It’s the time of year when you always wonder why you didn’t pay your property taxes along with your monthly mortgage payment. The idea of keeping the money in the bank and earning interest sounds great, but actually doing it is another matter.

That huge figure at the bottom of the assessor’s coupon statement adjacent to the bold-face words "KEEP THIS PORTION" could have been chopped into 12 pieces that now sound affordable, and whisked away each month with your principal and interest, taxes and insurance payment, commonly known as "PITI."

It’s the time of year when you always wonder why you didn’t pay your property taxes along with your monthly mortgage payment. The idea of keeping the money in the bank and earning interest sounds great, but actually doing it is another matter.

That huge figure at the bottom of the assessor’s coupon statement adjacent to the bold-face words "KEEP THIS PORTION" could have been chopped into 12 pieces that now sound affordable, and whisked away each month with your principal and interest, taxes and insurance payment, commonly known as "PITI."

While I was mulling over the thought of how I was going to produce my first-half tax payment, we were contacted by a real estate appraiser who said our property valuation was too high. He offered to represent us before the County Board of Equalization, said he had a good track record in previous appeal cases, and stated he could get the valuation significantly reduced.

The charge for this was 50 percent of the tax savings for the next two years, estimated at $800. He wanted a $300 retainer, which would be subtracted from his total.

It hit me that the caller’s service was a creative idea for an appraiser who has seen his industry significantly altered by computerized, streamlined appraisals that are now done "in house" by some of the nation’s biggest lenders.

A complicated, "multiple regressive analysis" program, which charts how a home has appreciated, coupled with previous assessed values, often is the basis for a lender’s valuation.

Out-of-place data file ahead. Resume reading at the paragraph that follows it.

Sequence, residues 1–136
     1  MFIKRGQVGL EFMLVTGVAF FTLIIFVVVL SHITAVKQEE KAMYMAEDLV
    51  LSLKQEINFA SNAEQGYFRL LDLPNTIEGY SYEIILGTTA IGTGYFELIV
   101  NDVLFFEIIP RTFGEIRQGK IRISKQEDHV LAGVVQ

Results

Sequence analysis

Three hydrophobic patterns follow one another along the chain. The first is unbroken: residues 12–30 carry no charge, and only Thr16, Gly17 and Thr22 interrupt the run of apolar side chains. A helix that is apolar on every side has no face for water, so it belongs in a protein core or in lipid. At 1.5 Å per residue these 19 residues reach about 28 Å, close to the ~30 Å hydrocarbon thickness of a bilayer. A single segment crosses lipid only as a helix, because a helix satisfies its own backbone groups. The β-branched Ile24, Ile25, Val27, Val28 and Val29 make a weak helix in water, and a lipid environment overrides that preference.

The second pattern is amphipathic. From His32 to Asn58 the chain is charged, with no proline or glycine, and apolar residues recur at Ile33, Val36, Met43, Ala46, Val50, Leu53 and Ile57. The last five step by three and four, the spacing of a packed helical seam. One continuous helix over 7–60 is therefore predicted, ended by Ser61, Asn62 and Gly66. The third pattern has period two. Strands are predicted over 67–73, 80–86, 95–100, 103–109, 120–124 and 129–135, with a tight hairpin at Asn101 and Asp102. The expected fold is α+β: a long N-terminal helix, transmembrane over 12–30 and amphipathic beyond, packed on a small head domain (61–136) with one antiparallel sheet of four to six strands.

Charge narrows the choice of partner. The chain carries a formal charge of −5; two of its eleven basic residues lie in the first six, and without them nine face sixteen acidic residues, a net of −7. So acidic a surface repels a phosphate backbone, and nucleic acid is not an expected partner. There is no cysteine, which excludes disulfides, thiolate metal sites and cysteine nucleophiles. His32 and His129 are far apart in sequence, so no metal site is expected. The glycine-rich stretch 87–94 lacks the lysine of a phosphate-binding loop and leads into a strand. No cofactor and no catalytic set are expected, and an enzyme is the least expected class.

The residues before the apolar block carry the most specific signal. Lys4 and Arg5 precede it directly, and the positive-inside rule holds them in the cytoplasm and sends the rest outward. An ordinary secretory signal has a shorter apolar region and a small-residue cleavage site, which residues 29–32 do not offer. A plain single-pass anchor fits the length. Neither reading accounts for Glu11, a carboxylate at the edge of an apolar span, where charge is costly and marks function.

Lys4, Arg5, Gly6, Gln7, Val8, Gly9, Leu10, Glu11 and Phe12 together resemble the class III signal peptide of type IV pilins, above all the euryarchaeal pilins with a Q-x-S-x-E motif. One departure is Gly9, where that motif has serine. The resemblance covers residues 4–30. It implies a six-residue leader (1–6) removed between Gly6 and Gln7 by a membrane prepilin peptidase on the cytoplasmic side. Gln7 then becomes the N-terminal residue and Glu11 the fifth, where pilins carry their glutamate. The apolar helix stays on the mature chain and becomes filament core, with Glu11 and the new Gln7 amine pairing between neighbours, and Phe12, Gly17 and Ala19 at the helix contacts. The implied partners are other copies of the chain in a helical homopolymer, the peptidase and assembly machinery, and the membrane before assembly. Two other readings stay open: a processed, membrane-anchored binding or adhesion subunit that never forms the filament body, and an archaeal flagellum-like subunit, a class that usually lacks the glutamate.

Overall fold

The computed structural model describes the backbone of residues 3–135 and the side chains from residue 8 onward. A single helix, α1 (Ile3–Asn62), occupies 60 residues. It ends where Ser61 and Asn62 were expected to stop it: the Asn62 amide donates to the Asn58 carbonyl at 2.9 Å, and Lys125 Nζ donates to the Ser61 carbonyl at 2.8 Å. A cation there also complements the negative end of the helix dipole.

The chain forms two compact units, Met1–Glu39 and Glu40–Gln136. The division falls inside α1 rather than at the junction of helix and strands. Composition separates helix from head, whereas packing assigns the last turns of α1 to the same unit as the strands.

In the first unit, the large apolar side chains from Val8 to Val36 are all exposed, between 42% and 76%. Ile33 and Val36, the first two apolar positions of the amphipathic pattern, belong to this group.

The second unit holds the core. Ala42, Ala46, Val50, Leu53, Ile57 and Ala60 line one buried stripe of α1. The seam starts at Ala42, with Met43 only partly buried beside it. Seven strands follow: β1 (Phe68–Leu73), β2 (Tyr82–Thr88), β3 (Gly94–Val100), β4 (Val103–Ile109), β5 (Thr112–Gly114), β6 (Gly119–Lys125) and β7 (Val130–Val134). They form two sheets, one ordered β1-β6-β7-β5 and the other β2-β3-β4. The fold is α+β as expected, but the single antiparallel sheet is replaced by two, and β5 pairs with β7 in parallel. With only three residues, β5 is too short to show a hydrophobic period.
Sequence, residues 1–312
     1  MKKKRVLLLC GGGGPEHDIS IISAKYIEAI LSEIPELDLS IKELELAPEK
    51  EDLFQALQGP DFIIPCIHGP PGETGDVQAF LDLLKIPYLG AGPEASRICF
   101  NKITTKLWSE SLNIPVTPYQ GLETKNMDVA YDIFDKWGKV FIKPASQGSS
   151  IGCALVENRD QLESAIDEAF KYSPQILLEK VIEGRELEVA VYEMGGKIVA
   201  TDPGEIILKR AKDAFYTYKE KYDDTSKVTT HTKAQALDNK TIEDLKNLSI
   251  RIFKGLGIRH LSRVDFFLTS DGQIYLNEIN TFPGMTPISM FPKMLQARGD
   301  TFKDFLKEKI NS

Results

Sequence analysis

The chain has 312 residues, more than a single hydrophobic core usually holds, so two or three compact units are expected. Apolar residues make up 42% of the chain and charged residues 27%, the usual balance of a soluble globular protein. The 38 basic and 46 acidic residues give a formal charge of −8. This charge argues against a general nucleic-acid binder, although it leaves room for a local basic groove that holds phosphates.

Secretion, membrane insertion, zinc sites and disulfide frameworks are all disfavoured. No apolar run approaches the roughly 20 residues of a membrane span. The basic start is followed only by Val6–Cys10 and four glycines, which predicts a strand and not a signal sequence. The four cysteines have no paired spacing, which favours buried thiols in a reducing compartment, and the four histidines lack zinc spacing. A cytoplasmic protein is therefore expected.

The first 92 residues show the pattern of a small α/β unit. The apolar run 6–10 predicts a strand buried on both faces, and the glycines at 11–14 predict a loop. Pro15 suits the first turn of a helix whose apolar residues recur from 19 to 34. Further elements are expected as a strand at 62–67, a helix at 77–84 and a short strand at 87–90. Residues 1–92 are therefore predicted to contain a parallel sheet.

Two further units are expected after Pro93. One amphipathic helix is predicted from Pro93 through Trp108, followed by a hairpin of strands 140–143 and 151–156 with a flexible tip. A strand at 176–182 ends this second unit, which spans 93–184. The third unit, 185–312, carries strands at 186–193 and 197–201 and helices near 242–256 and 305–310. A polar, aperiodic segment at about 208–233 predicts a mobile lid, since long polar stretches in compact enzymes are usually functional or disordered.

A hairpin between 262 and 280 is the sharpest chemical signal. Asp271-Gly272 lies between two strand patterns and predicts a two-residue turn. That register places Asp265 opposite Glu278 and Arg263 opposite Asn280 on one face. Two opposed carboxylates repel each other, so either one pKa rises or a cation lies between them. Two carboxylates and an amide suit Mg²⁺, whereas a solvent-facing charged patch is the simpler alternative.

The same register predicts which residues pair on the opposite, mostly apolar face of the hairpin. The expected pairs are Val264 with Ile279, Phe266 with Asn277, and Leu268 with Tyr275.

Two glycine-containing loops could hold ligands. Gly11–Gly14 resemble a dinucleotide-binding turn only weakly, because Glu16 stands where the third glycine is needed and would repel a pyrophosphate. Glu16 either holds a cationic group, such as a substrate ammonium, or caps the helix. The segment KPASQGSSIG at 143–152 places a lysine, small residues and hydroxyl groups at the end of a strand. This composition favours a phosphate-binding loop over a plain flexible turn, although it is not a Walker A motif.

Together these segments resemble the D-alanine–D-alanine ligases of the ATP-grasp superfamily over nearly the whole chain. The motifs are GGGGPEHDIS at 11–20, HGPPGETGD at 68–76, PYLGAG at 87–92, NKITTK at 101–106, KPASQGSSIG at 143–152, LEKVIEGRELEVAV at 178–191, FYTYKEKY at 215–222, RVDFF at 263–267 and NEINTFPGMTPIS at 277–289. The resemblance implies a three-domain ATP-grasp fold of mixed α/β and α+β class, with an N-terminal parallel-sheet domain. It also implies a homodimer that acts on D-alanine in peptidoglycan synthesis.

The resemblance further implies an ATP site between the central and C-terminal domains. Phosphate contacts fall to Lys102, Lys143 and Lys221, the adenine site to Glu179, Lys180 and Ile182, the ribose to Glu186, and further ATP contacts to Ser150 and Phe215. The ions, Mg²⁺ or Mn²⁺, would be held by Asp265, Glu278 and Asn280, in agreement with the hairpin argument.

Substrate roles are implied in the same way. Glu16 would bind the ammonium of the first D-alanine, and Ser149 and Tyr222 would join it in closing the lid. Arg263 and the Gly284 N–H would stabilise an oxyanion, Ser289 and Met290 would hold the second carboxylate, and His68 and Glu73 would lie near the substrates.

So, it seemed palatable to pay a professional property appraiser $800 for a tax savings that may extend for years. In fact, the concept probably would be appealing to the average consumer who wants nothing to do with fighting city — or county — hall.

The fee could be a bargain given the time and preparation it would take most taxpayers to compile and present such a case.

The downside was that he wasn’t clear on costs if the appeal failed. Also, I was uncomfortable when I found out that the man was also a licensed associate real estate broker with a large company. I’ve always believed that creativity should be celebrated, but wearing too many hats can crowd a room and confuse the guests.

I’m sure the man does not appraise his own clients’ purchases or sales, but what about the deals of his associates in the office, in other branch offices or friends in the business? How could there not be some ever-so-slight expectation to "come in with the right number" when appraising a home?

After all, if the home doesn’t appraise, the deal can fall apart and the real estate agent, loan rep and escrow officer will not receive a commission.

When I questioned the man on his multiple roles, he said he felt no conflict of interest and that a real estate broker was one of the best possible persons to ascertain the value of property. Since then, I have found several other real estate professionals in at least two different roles.

Perhaps I’m too much the purist, yet I think appraisers should appraise, and agents and brokers should list and sell.

I can hear it now: "An associate broker in my office, who also works as a professional real estate appraiser, said this property is worth $376,500. …"

By the way, you can also appeal your property-tax assessment yourself. Most appeals must be made by July 1 with the County Board of Equalization, or similar agency. A hearing is then set. If the consumer or the assessor’s office is not satisfied with the equalization board’s decision, either may appeal within 30 days to the State Board of Tax Appeals.

The equalization board has advised that filing an appeal is worthwhile if the taxable value shown on your tax statement is higher than the price you could expect if you sold your property. The most common way to determine a property’s worth is by comparable sales prices.

You wouldn’t have to spend your time with this appeal mess if you hired somebody to do that work for you. Using an appraiser sounded like a decent idea, but there were too many hats in his ring for me.

To get even more valuable advice from Tom, visit his Second Home Center.

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